Astro Pi: Mission Zero

is an opportunity for children to write a short program that will run on the Astro Pi units on the International Space Station. Every participant will receive a certificate with the time and date their code was executed. View the Learning Resource to get started.
Educators and other adult sponsors can register for free here.
  • Only use required and allowed modules. The sense_hat module must be used. The random and time module may be used as well.
  • Your program is a bit too long. Try making it a bit shorter.
  • Don't use input or wait for events. Your program shouldn't rely on input from a person.
  • Check your program for improper language.

To submit your program, you'll need to:

  • read the temperature from the sensor,
  • use the LED matrix,
  • and run your program without any errors.

Your program will run for 30 seconds on the International Space Station.

Classroom Code

Once your program is ready, enter your classroom code here to continue to the official submission form.

Looks like your program isn't ready yet. Check the list above.

How to Take Part

Who can take part in Mission Zero? Any group of two or more students under age 14 in a European Space Agency country can submit a program to be run in space, with the supervision of a teacher, parent, or adult code club volunteer. For more information, check out the ESA Participation Guidelines .

Follow these steps to get started:

1. Write your program

Your program should read the temperature and display information using the LEDs. Visit the Mission Zero Learning Resource for a full walkthrough including examples, animations, videos and more.

2. Enter Your Classroom Code

Your teacher or supervising adult will give you a short classroom code. Enter it in the provided space.
Educators, parents, and other supervising adults can register for a free classroom code here.

3. Submit

Once you've passed all the checks, click the button to go to the official submission form. Enter your group name and other information, which will be used to generate your certificate.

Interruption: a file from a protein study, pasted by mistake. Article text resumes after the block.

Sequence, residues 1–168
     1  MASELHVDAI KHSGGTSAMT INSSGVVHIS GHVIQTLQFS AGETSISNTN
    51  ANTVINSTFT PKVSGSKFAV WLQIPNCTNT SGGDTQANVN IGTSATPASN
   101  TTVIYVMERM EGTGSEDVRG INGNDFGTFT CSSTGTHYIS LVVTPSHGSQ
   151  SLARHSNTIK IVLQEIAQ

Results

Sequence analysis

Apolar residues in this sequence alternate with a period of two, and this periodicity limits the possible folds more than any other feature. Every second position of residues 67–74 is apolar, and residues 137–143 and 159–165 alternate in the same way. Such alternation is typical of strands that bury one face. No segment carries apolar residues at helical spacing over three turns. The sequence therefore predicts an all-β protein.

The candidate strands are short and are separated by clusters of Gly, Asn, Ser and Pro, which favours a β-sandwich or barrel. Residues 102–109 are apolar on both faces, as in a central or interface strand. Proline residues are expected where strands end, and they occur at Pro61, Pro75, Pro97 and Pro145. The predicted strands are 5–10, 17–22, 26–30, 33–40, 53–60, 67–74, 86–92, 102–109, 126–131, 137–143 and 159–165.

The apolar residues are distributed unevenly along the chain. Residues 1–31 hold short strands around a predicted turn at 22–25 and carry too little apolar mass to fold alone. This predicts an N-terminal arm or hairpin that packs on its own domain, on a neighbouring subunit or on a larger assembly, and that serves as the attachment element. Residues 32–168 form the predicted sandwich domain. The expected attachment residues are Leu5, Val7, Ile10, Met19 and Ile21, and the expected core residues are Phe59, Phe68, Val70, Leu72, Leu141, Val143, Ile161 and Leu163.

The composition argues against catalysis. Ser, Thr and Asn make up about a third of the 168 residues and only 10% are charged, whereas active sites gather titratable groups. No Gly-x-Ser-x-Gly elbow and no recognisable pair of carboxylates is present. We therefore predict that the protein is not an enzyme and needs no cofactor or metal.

Once reviewed and accepted, your code will run for up to 30 seconds on one of the International Space Station's Raspberry Pi computers in December 2017 or January 2018! Your registered adult sponsor will receive official confirmation of this and a certificate from Raspberry Pi's Astro Pi program.

Need Instructions?

View Learning Resource  

Ready to go?

Get Coding!  

Frequently Asked Questions

Where can I find more detailed instructions?

The Mission Zero Learning Resource has been created to guide you through the activity. You may want to keep it open in a separate window or tab for easy reference.

What if my program goes over 30 seconds?

Each submission will have up to 30 seconds of runtime in space. After 30 seconds, the program will be automatically stopped. The timer will help you see how much of your program will run during this time. If your program uses a while loop or takes longer than 30 seconds to finish, use the Stop button to halt the execution of your program so that you can submit it.

I'm getting an error! What do I do?

First, don't panic! Errors are a normal part of programming: they just indicate that the computer is confused.

The emulator should highlight the line on which the error is occurring. Check for any missing punctuation like missing commas, brackets and colons. Failing that, simply typing the error message into a search engine will quickly find an answer.

How can I view my past submissions?

Registered teachers will receive an email confirmation from Raspberry Pi for each submission that uses their code. You will also be provided with a link to your trinket after submitting your work to Raspberry Pi. You can save, bookmark, or send this link to someone else to show off your entry!

What if I still have questions?

Astro Pi maintains a full FAQ with even more topics. If you can’t find the answer you’re looking for there, then please send your question to

Ready to go?

Get Coding!  

Have More Questions?

Full FAQ